Moratorium on nursing homes
The Indiana Senate had a great idea – a five-year moratorium on construction of new nursing homes. The House Ways and Means Committee has made it a weaker but still good idea: a one-year moratorium.
The state already has a glut of nursing homes. Occupancy among Indiana’s 520 nursing homes is only 74 percent and has been falling (the national average is nearly 86 percent). The trouble is that people who build new facilities want to get in on the glut in anticipation of all the Hoosier baby boomers who will soon need some type of long-term care. There is money to be made here – nearly two-thirds of the state’s nursing homes now participate in partnerships with county-owned hospitals that effectively double their profit margins.
And while the state overly relies on nursing homes, it is stingy with home health care.
States have better ideas
The nation’s governors, says The Associated Press in covering their meeting in the nation’s capital, seem as divided as Washington when it comes to ideas for strengthening the economy: “Democrats such as Maryland’s Martin O’Malley and Connecticut’s Dannel Malloy made pitches to raise the minimum wage, while Republicans such as Louisiana’s Bobby Jindal and Indiana’s Mike Pence called for more freedom from federal regulations, particularly those related to the health insurance overhaul.”
The difference is that the governors can come up with ideas to address their unique situations, rather than a universal “solution” every state must abide by. We tend to like the GOP ideas better than the Democratic ones – and just look at which states are prospering for evidence. But that’s the beauty of federalism.
End booze ban at state fair
No, the Indiana State Fair has not always been alcohol-free. Beer and wine were sold at the fair until 1947. And the ban wasn’t approved because there was a sudden urge to make the fair more family friendly. It happened because the fair ran out of plastic cups that year and visitors trashed the grounds with glass bottles.
But they don’t call Indiana a conservative state for nothing. Once we’ve done something for more than a decade, it becomes a “tradition,” and its very existence is used to justify its continuation.
Things do change, however, even here. The Indiana Senate passed a bill last month to end the ban, which would leave North Carolina as the only state with an alcohol-free fair. The House now has the measure under consideration. Overall, ending the ban seems like a good move.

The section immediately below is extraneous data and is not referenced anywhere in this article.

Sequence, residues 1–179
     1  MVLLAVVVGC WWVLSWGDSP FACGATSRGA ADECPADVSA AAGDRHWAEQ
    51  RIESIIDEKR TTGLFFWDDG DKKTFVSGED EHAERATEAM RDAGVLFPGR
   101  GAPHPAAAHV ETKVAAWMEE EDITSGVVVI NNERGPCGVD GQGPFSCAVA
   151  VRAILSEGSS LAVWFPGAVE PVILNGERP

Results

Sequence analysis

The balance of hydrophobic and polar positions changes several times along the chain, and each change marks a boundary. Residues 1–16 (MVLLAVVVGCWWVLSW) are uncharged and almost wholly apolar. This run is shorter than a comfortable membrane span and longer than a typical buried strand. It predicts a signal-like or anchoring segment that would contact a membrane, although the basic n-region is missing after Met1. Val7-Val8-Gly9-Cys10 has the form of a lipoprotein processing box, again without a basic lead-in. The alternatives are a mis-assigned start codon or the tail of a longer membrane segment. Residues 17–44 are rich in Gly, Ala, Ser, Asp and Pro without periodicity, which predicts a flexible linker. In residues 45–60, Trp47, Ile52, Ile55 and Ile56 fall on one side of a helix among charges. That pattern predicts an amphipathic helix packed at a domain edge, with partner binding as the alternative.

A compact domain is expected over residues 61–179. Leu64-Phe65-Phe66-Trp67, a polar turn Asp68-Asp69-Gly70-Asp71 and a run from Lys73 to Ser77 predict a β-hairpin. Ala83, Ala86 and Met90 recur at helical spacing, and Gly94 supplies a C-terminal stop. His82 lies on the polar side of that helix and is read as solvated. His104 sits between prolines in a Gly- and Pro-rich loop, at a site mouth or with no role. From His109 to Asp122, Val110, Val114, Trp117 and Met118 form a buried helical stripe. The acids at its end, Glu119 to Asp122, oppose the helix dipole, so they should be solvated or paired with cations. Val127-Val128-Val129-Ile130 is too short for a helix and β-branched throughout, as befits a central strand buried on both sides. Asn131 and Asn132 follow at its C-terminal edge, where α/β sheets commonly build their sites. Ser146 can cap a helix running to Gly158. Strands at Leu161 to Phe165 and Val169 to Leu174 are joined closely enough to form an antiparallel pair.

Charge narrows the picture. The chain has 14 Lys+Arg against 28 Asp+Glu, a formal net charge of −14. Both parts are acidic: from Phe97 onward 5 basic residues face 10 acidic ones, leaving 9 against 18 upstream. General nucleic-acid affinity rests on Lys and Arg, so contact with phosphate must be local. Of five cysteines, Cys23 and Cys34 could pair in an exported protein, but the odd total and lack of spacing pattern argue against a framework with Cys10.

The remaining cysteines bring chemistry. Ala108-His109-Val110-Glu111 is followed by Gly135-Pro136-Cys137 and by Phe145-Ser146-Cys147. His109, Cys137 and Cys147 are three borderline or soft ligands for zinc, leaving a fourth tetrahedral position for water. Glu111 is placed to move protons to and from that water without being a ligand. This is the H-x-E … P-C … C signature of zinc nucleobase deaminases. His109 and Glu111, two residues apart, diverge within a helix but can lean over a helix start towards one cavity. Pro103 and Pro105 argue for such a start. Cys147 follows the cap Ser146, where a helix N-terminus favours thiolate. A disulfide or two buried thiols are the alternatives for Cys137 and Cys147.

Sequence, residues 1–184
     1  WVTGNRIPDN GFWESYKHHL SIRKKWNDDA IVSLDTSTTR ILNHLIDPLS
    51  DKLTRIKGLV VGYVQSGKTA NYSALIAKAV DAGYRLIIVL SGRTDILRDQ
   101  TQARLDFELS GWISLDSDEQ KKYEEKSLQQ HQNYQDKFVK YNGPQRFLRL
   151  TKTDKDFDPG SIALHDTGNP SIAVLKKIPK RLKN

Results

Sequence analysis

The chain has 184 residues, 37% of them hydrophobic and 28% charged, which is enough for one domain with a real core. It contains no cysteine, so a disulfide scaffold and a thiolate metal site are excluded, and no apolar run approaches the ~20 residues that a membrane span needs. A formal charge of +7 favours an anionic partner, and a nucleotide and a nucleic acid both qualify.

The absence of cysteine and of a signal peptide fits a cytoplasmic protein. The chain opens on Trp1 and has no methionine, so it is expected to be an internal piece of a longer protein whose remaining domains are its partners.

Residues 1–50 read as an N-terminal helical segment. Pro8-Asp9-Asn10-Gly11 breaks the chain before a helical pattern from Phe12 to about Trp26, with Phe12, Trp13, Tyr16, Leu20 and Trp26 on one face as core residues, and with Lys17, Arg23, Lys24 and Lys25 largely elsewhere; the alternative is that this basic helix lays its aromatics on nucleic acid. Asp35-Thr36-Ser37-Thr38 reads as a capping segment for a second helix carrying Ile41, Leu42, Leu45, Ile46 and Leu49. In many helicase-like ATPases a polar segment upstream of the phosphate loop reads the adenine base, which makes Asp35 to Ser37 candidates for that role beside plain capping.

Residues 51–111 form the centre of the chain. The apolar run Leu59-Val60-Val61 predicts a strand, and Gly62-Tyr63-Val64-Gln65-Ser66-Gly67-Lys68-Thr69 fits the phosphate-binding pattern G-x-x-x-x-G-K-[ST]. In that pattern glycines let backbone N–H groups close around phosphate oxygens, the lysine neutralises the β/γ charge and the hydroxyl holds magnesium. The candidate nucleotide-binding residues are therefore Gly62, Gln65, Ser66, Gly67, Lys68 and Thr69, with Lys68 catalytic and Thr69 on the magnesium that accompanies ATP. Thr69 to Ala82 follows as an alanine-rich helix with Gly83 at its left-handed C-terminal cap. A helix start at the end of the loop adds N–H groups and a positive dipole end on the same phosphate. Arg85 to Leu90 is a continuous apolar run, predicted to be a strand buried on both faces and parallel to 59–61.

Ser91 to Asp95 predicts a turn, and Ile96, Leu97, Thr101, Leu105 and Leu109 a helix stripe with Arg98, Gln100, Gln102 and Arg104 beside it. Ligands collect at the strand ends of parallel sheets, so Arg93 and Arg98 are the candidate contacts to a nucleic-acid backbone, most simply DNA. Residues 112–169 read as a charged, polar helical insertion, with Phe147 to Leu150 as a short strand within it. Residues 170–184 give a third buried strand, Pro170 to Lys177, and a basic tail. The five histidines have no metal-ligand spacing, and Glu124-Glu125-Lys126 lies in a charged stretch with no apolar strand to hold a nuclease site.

Let's simplify the tax code
Everybody knows the tax code is a monstrosity of indecipherable complexity that must be overhauled.
As Republican U.S. Rep. Dave Camp, chairman of the House Ways and Means Committee, has put it, the code is “now 10 times the size of the Bible, with none of the good news.” Americans spend more than 6 billion hours and $168 billion every year to file their returns.
Camp has a proposal to make the tax code simpler, fairer and flatter, and he is even brave enough to unveil it in an election year.
He would collapse the seven existing brackets into just two, set at 10 percent and 25 percent. He would also eliminate many of the hundreds of tax breaks scattered throughout the code and impose a 10 percent surtax on certain types of earned income over roughly $450,000 a year.
When our rights collide, who wins?
The First Amendment both protects us from the imposition of a religion and offers the freedom to freely exercise our own. There is a lot of murky territory between those two rights, and it is often difficult to know where the line is.
But it is clearly moving away from the free-exercise imperative, especially when religious motivations are pitted against expectations of the gay community. That has been especially evident in Indiana, Arizona and Texas, three bastions of conservatism where the line could have gone the other way.
In Indiana, a referendum to put the ban on gay marriage, already a part of the state law, into the constitution got put on hold for at least two years. Some observers say the effort is probably dead forever. A federal judge struck down Texas’ ban on gay marriage, which had been approved by voters.